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Public Encouraged to Participate in Pricing Process

Public hearings will be held to decide how to collect fees from transportation which will use Beijing's Fifth Ring Road.

The announcement was made on Tuesday by Beijing Capital Road Development Co, operator of the Fifth Ring Road.

It came after the State Development Planning Commission began carrying out regulations relating to hearings in the government's pricing process of products and services "vital to the public's daily life'' on August 1.

Chen Huai, deputy director of the Market Economy Research Institute of the State Council-affiliated Development Research Centre, said it was a good way for the matter to "solicit opinions from concerning parties and co-ordinate their interest'' by holding public hearings.

Jiang Yanping, an official from the development company, said representatives of consumers, legal experts and other related parties attending the hearings are expected to make a reasonable decision on how to collect fees.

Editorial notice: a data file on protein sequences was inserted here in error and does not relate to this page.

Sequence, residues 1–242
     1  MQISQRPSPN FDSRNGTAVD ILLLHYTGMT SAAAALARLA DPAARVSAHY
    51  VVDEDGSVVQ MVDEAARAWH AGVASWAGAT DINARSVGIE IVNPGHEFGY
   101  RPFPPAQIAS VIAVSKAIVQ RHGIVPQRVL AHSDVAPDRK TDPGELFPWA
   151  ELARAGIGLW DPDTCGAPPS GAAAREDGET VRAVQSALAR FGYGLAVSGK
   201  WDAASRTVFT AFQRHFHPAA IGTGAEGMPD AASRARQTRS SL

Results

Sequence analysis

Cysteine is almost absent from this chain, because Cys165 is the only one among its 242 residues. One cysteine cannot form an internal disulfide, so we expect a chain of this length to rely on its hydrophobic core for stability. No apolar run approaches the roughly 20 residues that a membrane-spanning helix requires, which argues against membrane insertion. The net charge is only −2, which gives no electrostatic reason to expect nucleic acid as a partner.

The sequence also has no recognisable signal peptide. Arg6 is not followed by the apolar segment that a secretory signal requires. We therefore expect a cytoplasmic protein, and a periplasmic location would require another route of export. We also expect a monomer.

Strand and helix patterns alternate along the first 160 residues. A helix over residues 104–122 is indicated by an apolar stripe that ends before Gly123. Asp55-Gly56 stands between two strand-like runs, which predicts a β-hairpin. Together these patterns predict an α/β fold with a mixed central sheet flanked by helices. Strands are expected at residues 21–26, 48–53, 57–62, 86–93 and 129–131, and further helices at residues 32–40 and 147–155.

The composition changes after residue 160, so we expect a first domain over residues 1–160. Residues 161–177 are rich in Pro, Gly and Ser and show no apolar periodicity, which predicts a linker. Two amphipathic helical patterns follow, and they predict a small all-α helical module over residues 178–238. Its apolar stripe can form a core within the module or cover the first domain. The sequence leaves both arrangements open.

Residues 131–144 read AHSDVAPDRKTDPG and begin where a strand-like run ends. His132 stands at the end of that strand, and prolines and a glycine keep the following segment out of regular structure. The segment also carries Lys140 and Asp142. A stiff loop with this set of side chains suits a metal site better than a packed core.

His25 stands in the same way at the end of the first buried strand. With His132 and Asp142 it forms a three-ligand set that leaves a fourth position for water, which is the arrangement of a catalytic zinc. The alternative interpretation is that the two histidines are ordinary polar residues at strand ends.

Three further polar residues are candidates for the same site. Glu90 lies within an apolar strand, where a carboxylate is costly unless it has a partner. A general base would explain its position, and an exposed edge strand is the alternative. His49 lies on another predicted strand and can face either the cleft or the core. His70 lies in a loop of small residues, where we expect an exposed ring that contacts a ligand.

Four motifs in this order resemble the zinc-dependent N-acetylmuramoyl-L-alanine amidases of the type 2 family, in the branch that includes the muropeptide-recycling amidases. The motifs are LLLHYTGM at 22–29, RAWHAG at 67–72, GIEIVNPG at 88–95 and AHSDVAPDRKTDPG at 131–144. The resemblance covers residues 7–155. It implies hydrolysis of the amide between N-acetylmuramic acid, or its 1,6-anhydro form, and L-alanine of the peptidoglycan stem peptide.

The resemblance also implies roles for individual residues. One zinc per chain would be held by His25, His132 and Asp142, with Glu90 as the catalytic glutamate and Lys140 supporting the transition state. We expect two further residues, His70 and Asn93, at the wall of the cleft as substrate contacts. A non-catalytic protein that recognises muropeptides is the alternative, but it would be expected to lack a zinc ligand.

The ring road's first section will be open to traffic at the end of September.

A Beijing taxi driver, Zhang Jianjiang, said: "The announcement is very encouraging news, compared with the previous actions of governments and enterprises, and I hope the fees to be charged on us will be equitable.''

The Chinese Government is committed to enhancing the transparency in its pricing process of products and services, vital to the public's daily life, by setting up an integrated hearing system.

Han Yongwen, deputy director of the economic policy co-ordination division under the commission, said the government hopes the system will cover products and services provided by such industries involved in water, electricity and gas supply, civil aviation, telecommunications and public transport.

Han said the regulations were interim measures before the establishment of an integrated price hearing system, adding that the commission would release a specific programme soon.

"The hearing system will give the public a say in the pricing process to make prices more reasonable,'' Han said.

The public and, even, enterprises were excluded from the pricing process, with prices determined entirely by the governments at various levels under the old planned economy.

Enterprises were first allowed to engage in the pricing process in the 1980s but the final decision was still made by governments, according to their evaluations of the enterprises' operation and market development.

This system led to many public complaints about the prices of products and the services of many industries, including civil aviation, public transport and telecommunications.

(China Daily 08/10/2001)

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